- Services : shops, bars and restaurants, Internet access (Wi-Fi) available in the airport.
- Telephone : +852 2181 8888
- Website : http://www.hongkongairport.com
GETTING AROUND Hong Kong
Hong Kong covers quite a large area. And yet, getting around the city is easy and enjoyable, due to its highly developed, affordable, efficient and convenient public transport system.
The city has two ultra-modern rail systems. The MTR (Mass Transit Railway) is the city's underground train system, comprising four lines serving all the main urban districts. The system is easy to use (all signs are in English), clean, air-conditioned and safe. It operates from 6 a.m. to 1 a.m. The KCR (Kowloon-Canton Railway) is Hong Kong's main overground rail system, serving suburban destinations as well as more distant points in mainland China.
Useful tip: The prepaid and reloadable Octopus Card can be used for travel on all modes of transport in the territory, including railways, trams, ferries, buses and coaches. Before you leave Hong Kong, you can cash in your Octopus Card and receive your remaining balance minus a processing fee of HKD 9, for cards returned within three months of purchase. The initial stored value for adults is HKD 100 and there is a refundable deposit of HKD 50.
Many bus lines operate in Hong Kong, serving all tourist destinations. They run from 6 a.m. to midnight. Fares depend on the distance travelled, starting at about HKD 20.
Hong Kong's double-decker trams, a holdover from the territory's time as a British colony, operate over 13 kilometres (8 miles) of track between Kennedy Town and Shau Kei Wan, running every day between 6 a.m. and midnight. No matter how far you travel, each tram ride costs HKD 2.30.
In contrast to many other cities, taxis are not expensive in Hong Kong. A colour-coding system is used to distinguish taxis serving different areas and destinations:
- Red taxis operate throughout the territory
- Green taxis serve only the New Territories
- Blue taxis operate only on Lantau Island
The flag-down fare is HKD 22.00 for red taxis, including the first 2 kilometres (1.2 miles), then HKD 1.60 for every additional 200 metres (⅛ mile).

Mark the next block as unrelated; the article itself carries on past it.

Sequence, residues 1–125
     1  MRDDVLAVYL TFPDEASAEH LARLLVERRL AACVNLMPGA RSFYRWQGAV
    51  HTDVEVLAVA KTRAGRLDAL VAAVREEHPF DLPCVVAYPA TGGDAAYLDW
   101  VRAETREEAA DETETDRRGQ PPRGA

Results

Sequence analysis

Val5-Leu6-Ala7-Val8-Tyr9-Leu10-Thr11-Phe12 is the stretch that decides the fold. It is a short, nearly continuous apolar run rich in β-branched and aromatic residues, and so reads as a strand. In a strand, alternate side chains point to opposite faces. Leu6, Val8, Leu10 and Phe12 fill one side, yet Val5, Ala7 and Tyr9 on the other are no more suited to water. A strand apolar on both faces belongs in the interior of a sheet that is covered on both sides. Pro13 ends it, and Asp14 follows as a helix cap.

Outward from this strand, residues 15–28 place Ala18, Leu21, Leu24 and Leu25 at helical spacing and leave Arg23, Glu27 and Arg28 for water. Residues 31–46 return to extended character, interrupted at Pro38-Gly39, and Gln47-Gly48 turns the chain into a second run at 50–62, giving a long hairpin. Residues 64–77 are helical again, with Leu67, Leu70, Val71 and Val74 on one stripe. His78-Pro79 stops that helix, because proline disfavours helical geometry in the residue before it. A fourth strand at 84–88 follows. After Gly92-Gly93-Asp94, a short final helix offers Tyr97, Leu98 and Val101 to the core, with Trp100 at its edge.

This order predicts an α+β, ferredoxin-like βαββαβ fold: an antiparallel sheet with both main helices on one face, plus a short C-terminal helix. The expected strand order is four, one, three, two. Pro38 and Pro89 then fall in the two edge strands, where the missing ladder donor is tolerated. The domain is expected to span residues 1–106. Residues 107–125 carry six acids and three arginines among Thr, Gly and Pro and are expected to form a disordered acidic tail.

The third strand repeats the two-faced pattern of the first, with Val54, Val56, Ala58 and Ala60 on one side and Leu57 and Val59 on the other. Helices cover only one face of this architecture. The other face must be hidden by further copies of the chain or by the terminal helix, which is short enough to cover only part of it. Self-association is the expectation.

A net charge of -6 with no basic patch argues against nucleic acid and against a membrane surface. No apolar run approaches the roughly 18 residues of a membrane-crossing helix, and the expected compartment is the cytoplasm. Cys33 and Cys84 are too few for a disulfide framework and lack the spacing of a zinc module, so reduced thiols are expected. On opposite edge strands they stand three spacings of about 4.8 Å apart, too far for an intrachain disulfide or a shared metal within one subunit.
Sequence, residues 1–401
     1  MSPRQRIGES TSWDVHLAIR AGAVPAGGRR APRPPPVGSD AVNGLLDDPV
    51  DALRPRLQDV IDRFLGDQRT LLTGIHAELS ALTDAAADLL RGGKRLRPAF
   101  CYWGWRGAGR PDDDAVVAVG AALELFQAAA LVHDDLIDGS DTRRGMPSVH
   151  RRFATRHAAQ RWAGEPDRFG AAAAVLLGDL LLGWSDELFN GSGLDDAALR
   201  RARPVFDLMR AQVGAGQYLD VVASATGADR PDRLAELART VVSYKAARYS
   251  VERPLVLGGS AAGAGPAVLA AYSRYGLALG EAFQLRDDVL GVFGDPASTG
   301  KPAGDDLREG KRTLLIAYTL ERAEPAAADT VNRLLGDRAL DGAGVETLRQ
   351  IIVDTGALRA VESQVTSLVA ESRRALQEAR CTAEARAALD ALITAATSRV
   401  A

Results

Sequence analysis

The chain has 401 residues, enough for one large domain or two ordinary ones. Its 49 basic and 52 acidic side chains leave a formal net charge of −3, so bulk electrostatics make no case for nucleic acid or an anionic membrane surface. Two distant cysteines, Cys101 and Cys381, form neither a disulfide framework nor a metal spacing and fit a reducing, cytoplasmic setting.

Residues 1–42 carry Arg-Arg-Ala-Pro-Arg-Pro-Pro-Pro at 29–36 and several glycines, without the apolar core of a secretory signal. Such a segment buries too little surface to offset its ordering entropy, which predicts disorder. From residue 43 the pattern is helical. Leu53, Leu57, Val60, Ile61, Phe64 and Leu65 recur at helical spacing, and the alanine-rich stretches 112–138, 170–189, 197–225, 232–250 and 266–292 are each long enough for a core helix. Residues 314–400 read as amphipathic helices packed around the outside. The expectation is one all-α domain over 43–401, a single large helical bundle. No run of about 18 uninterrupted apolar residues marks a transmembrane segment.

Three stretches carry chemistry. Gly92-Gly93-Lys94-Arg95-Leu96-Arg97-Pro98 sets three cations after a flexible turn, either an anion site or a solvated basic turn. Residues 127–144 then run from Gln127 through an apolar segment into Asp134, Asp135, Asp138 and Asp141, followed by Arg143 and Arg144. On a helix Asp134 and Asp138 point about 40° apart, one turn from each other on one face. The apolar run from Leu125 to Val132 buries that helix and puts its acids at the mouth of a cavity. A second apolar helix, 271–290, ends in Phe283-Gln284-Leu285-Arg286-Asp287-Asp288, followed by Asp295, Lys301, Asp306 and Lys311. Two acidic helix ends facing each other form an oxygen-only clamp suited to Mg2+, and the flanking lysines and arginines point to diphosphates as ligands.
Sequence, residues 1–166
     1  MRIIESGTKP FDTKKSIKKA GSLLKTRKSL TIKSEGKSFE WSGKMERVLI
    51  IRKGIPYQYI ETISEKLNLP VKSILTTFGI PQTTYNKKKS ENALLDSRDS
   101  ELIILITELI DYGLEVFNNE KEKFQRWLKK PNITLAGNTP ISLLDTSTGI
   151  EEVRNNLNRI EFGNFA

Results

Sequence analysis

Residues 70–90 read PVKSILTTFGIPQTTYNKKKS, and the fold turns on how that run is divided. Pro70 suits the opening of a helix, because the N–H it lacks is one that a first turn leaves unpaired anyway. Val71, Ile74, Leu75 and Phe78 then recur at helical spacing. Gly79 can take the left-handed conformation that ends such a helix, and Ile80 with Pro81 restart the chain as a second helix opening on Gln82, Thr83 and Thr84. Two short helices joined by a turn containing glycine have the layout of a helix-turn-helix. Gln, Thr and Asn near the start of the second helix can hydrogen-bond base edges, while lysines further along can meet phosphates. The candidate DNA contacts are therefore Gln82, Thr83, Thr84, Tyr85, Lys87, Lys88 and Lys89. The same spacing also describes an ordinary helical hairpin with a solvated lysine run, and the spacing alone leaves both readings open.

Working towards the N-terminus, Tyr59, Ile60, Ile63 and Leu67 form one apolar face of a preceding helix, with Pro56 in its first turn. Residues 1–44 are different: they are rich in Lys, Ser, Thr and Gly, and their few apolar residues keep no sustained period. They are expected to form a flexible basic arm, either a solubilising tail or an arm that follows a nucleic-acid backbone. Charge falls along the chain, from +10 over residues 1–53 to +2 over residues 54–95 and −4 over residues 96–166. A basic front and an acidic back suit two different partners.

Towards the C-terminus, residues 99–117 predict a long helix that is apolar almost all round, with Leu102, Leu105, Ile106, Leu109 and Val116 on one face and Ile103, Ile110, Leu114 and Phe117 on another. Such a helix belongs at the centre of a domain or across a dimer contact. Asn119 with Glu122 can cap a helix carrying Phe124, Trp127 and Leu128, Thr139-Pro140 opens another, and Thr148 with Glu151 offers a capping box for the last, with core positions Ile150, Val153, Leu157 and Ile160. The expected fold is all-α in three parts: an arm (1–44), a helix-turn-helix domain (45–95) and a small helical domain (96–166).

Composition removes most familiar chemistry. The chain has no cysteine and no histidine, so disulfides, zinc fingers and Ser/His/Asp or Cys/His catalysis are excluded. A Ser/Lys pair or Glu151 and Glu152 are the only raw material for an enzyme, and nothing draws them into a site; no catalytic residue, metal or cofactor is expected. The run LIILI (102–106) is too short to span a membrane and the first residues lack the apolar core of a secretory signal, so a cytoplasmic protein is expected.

Upon your arrival in Hong Kong, you can get in touch with local tourism professionals for further information and to help organize your stay.Hong Kong Tourism Board
Offers practical information and many useful recommendations (accommodation, restaurants, public transport, festivals, cultural events, etc.).
- Telephone : +852 2508 1234
- Website : http://www.discoverhongkong.com
At various locations throughout the city, the Hong Kong Tourism Board operates centres where you can obtain information and recommendations for your stay in Hong Kong. Listed below are the main addresses for the HKTB's visitor information centres :
- Hong Kong Island Visitor Center : The Peak Piazza
- Kowloon Visitor Center : Star ferry Concourse, Tsim Sha Tsui
- Lo Wu Information Center : 2/F Arrival hall, Lon Wu
- International Airport Visitor Center : Buffer Halls A & B, Arrival level, Terminal 1, Hong Kong International Airport, Lantau Island
The official website of the China National Tourist Office (CNTO), maintained by its New York office, provides a wealth of information on Hong Kong.
Website : http://www.cnto.org
See your doctor before you travel.
Upon arrival at Hong Kong International Airport, thermal sensors check your temperature. If it is considered high, you may be requested to step aside for secondary screening.
There are no vaccination requirements for visitors to Hong Kong.
For more information, contact Air France's international vaccination centre:
- Address : 38 Quai de Jemmapes 75010 Paris
- Website : http://www.vaccinations-airfrance.fr
- Telephone : +33 (0)1 43 17 22 00
- To make a vaccination appointment:
- online (click here)
- call the centre at +33 (0)1 43 17 22 00
Tap water is safe to drink in Hong Kong
As a general rule, a visa is required to enter and stay in Hong Kong, although citizens and nationals of a number of countries may visit Hong Kong without a visa.
For further information, visit the website of the Hong Kong Immigration Department: http://www.immd.gov.hk/eng/forms/hk-visas.html
Here are a few basic Chinese phrases that will make your stay in Hong Kong a little easier:
Hello / Good morning: Nĭ hăo
Good afternoon / Good evening: Wănshang hăo
Goodbye / See you soon: Zàijiàn
No, thank you: Bù le xièxie
Thank you very much: Fēicháng xièxie
I don't understand: Wǒ bù dǒng.
Could you repeat that: Qǐng zài shuō yíbiàn?
What time is it: Xiàn zài jĭ diăn le?
Excuse me: Duìbuqĭ
Train station: Huǒ chē zhàn
I'm (…): Wǒ shì (…).
I'm looking for (…): Wǒ zhăo (…).
How much is this: Zhè duōshăo qián?
Do you have (…): Yǒu méiyǒu (…)?
Where can I find (…): Wǒ zài nǎ li kě yǐ zhǎo dào (…)?
Where can I buy (…): Wǒ zài na li kě yǐ mǎi dào (…)?
I'd like (…): Wǒ xiǎng (…).
Good to know
of time difference with
Usually open Monday to Friday from 9 a.m. to 6 p.m., Saturday from 9 a.m. to 5 p.m., and Sunday from 9 a.m. to 1 p.m.
Usually open Monday to Friday from 9 a.m. to 12:30 p.m. and 2:30 p.m. to 5 p.m., Saturday from 9 a.m. to 1 p.m.
And what about tipping?
Tipping is not expected in Hong Kong's restaurants and cafés. On the other hand, it is quite common to thank tour guides and drivers by offering a small gratuity. Of course, the amount you choose to give is entirely up to you.